Off to La La Land
For those who aren’t convinced that national journalism has problems understanding the difference between fact and fiction, I thought I would share with you an editorial piece that appeared last week. The writer is either totally mired in the woke culture, uneducated in economics, totally clueless to how the world works, or most likely all of these.
The piece was written by John L. Micek whose columns appear in 800 publications around the country. His goal was to attack and debunk the idea that employers are having a hard time getting and keeping employees because of the generous federal unemployment payments.
Below are several quotes from his column and my reaction to them:
He wrote, “The other week, the bistro where my family and I have been grabbing brunch every Sunday since the start of the pandemic announced that it would be shuttering on weekends, and shifting to a more limited, weekday schedule. The reason was a familiar one: The owner couldn’t find the staff they needed to both function effectively and to keep themselves and their current staff from being ground into dust from the punishing pace.
The news was heartbreaking, if entirely unsurprising. Employers across the nation are struggling with a labor shortage so profound that one Alabama pizzeria vowed to hire “literally anyone” just to keep the doors open, Business Insider reported earlier this week.”
Micek continued, “Business leaders have falsely blamed the crisis on generous pandemic unemployment benefits, arguing that they’re a disincentive to return to the labor force. Study after study has proven this is not the case. Instead, more seismic forces are at work. … there’s just a genuine question of whether grinding it out for 40 hours a week at a job with substandard pay, low benefits, and little work-home balance is really worth it. In the midst of the pandemic, workers across industries discovered something: When they weren’t tethered to desks or jobs, there was time for something miraculous: Family and community, the hobby they’d been putting off learning, the time to retrain and search for new, and more fulfilling, work.”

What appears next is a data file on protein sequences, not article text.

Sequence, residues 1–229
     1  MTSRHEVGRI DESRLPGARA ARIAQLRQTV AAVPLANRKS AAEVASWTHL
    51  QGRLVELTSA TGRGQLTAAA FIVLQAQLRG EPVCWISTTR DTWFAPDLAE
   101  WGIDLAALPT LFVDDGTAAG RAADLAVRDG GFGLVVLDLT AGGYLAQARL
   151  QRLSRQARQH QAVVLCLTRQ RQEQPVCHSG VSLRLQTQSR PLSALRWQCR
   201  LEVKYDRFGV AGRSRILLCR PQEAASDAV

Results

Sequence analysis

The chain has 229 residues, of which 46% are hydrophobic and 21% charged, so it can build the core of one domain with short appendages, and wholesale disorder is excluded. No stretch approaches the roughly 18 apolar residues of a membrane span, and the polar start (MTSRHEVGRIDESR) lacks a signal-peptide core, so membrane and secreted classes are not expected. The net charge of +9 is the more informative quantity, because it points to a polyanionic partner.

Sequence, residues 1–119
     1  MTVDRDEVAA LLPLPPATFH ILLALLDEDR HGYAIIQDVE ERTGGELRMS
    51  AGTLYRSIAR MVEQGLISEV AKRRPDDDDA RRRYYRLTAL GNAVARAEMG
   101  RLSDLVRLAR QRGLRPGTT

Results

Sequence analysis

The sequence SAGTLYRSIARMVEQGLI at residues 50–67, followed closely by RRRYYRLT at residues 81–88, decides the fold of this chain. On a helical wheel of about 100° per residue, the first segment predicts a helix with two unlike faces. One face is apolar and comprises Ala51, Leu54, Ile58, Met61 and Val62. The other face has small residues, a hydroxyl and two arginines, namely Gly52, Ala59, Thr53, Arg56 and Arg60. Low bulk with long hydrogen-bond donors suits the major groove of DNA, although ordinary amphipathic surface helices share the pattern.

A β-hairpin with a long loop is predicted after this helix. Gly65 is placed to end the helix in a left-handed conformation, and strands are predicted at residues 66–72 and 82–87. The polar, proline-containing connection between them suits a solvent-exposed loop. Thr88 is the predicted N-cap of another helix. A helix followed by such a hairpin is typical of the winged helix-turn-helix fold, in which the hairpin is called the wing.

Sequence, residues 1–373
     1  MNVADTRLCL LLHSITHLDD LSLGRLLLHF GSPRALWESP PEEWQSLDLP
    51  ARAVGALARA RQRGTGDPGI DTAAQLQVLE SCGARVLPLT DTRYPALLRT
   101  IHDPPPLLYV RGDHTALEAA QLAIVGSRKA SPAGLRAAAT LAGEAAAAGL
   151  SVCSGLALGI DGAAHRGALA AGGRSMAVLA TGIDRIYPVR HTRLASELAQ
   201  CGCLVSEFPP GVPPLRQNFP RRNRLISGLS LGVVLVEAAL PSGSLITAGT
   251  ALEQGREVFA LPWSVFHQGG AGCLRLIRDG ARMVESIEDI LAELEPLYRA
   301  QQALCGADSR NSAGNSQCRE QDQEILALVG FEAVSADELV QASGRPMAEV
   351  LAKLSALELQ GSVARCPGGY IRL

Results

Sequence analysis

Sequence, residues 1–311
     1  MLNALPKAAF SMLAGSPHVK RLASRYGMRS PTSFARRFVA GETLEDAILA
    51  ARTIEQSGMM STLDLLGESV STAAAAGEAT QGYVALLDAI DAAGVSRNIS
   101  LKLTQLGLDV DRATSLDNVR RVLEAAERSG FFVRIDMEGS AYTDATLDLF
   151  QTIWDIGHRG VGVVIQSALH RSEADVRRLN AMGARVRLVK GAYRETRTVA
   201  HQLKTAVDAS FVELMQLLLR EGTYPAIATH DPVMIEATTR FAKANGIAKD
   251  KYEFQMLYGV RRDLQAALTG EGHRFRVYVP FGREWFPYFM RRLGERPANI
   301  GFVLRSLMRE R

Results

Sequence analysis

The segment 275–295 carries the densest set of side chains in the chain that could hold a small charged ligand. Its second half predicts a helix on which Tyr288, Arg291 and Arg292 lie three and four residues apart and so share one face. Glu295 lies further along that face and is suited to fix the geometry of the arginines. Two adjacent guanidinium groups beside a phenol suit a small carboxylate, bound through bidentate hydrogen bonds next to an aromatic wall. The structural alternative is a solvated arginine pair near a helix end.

As you see, he starts writing about those working in restaurants and in the service industry, then interestingly he changes gears and writes about issues that focus on office workers. He successfully confuses the reader by mixing together the issues of workers in offices that had the luxury of working from home, not having to worry about getting out of their pajamas, and getting to play with their children, who must now look at the world differently. Now they face once again getting up earlier, dressing, dealing with traffic and parking. These are headaches they were able to avoid for a year. Some in this category now understand there is a life away from the office and are currently looking to find new jobs that allow them to remain at home. These are legitimate issues not based on low wages, but rather based on quality-of-life issues.
However, the group that he first referenced are the businesses that need hands on employees. This group of employees never had the luxury of working from home. In most cases, their employers were forced to close. As things improved, they either returned to work or continued to draw unemployment. Often the unemployment payments made it illogical to return to work. Therefore, to get employees in the hospitality industry, many this summer have relied on students that didn’t qualify for unemployment.
Mr. Micek declares that businessmen and conservatives are simply wrong that the federal unemployment payments are not the reason that jobs are going unfilled.
LOOKING AT REAL DATA
Looking at the Department of Labor Statistics for July, you’ll see that the 10 states with lowest unemployment rates are states that ended federal unemployment payments in June, averaging 3% unemployment. Meanwhile, the 10 states with the highest unemployment, averaging 7.3%, all have continued to allow citizens to receive those bonus benefits as a reward for not working.
It certainly appears that this might be a major factor in people remaining out of the workforce. In Virginia, we will see what those 60,000 individuals will do when they are cut off from the federal payments this week.
If I am right, you will see restaurants better able to serve customers.
FRANK RUFF JR. serves as the 15th District senator in Virginia. He can be reached at Sen. Ruff@verizon.net, (434) 374-5129 or P.O. Box 332, Clarksville, VA 23927.
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